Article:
The refresh in place operation described above can be triggered by a specific refresh in place command communicated 241 to controller 230, or because the block count CD has exceed the predetermined limit for data operations to a block. Here, when the block counters 232 activates the signal 236 based on the block count CD being exceeded the refresh in place operation can be configured to proceed with the refresh in place only if the ECC engine 235 determines that there are failed bit(s) X to be corrected. If there are no failed bit(s) X to be corrected, then the rewrite 207 can be halted or the rewrite 207 can proceed and refresh the block anyway even though no failed bit(s) X were detected. When a block has its data refreshed, the counter for that block can be reset to some known count (e.g., 0).
Although data operations to the block D as logged by the block count CD can be one method for determining when to refresh in place block D, data operations to adjacent blocks, as denoted by arrows b1 and b2, can also affect data in block D and cause disturbs. Therefore, in some applications the block count for adjacent blocks can be used individually or in combination with the block count CD to determine if a refresh in place of block D is warranted due to block counts from one or both adjacent blocks, the block count CD, or some combination of those block counts. For example, if the block count for adjacent block 273 is 44 k and the block count CD is 50 k, then block counters 232 can activate the signal 236 even though block count CD is not ≧60 k counts.
Referring now to FIG. 2B, a data storage system 250 includes a controller 280 that can be fabricated FEOL and at least one memory 260 that can be fabricated BEOL on top of the controller 280 and other circuitry required for data operations to the at least one memory 260 (memory 260 hereinafter). Controller 280 includes buffer memory 281 electrically coupled (287, 298, 299) with ECC engine 285. A data operation command 261 to controller 280 can initiate a read of a block 274 (denoted as block D) from memory 260. The data operation can be a read operation or a refresh in place operation, for example. Controller 280 reads 253 a page of data from block D into buffer memory 281. ECC engine 285 counts the number of failed bits X in the page of data read into buffer memory 281. If the count of failed bits exceeds some predetermined value or limit, then the ECC engine 285 activates a signal 296 that is communicated to the controller 280 and indicates that error correction is required on the data in buffer memory 281. Subsequently, ECC engine 285 generates syndromes 287 and writes corrected bits to buffer memory 281. If the data operation is a read, the corrected data can be transmitted 263 to a host system. Further, the activation of signal 296 is indicative of failed bits that can be caused by disturbs to the data in block D. Accordingly, the controller 280 rewrites 257 the corrected data in buffer memory 281 into the same memory location for block D (e.g., the same page is overwritten with corrected page data) denoted as DREF for refreshed block 274. If the ECC engine 285 does not activate the signal 296, then the data in block D can be transmitted to the host system if the data operation is a read operation, or if not a read operation, then the refresh operation is cancelled and no rewrite of the data occurs. As noted above, data operations to adjacent blocks (b1, b2) can be the cause of disturbs to data in block D.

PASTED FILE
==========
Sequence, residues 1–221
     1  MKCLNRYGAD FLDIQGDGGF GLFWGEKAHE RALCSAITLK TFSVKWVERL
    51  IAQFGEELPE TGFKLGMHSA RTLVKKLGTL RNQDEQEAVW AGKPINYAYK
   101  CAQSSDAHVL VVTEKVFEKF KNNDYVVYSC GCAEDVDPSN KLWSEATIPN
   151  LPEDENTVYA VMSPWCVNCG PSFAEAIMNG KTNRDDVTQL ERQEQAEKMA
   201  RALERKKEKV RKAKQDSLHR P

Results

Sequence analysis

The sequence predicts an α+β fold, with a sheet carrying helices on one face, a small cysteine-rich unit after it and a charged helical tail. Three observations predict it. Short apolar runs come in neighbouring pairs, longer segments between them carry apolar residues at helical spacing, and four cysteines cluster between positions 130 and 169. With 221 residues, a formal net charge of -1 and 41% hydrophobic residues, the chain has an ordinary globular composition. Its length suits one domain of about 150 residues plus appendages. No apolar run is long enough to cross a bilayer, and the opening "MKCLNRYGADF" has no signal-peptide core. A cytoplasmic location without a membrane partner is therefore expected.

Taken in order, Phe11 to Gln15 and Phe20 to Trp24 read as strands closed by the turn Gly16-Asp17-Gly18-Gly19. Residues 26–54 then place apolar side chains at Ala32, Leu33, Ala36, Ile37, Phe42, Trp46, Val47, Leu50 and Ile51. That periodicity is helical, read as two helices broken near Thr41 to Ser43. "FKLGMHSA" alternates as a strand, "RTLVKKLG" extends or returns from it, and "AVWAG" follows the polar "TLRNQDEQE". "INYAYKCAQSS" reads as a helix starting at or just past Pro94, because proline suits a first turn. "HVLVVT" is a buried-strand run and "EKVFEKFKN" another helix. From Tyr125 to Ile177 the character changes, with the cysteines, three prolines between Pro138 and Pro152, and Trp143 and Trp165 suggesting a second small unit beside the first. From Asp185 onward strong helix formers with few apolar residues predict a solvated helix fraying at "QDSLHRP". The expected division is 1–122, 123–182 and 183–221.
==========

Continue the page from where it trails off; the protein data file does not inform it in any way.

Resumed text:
Attention is now directed to FIG. 3A where a method 300 for refreshing data in place includes at a stage 301 reading a page of data from a location in a block of memory. For example, the page data can be read into a random access memory (RAM) such as buffer memories 231 or 281. Although the method 300 depicts pages of data and blocks of memory, the read can be some other measure of data in the memory being read and is not limited to pages or blocks. At a stage 303 the data at the location in block D that was read at the stage 301 is erased (e.g., by setting all bits in the page to a logic "1"). As a result, the page in block D has all erased bits. At a stage 304 a determination is made as to whether ECC needs to be performed on the data read at the stage 301. As described above, ECC can be implemented if a block counter CD for the block or quantum of data being read exceeds some predetermined limit or if the number of failed bits X exceeds some predetermined limit, for example. If the "YES" branch is taken, then at a stage 305 ECC is run on the data (e.g., in the buffer memory) and the method continues at a stage 307. On the other hand, if the "NO" branch is taken, then ECC is not run on the data and the method continues at a stage 307. At the stage 307, using the data in the buffer memory as a template, all bits in the erased page in block D that should be in the programmed state are programmed (e.g., set to a logic "0"). The program operation occurs at the same location the page of data was read from thereby refreshing in place the page of data in block D. At a stage 308, a determination is made as to whether or not to read another page of data from block D. If the "NO" branch is selected, then the method 300 terminates. Conversely, if the "YES" branch is selected, then at a stage 309 another page of data is retrieved from block D and the method 300 continues at the stage 301. Pages or some or quantum of data can be read from block D in a contiguous manner such that if a block contains 8 k pages, the first page can have a relative address of 0 in the block, the contiguous page can have a relative address of 1, and the last page can have a relative address of 8191. The contiguous approach to reading pages can be useful when it is desirable to refresh the entire block being operated on. On the other hand, pages can be read from the block in a non-contiguous manner such that a page at a relative address of 256 can be read first, a page at relative address 416 can be read second, and so on. The non-contiguous approach to reading pages can be useful when it is desirable to only refresh a specific page(s) in a block. A command from a host system can determine what type of refresh in place operation is to be performed with a plurality of commands directed to performing application specific refresh in place operations.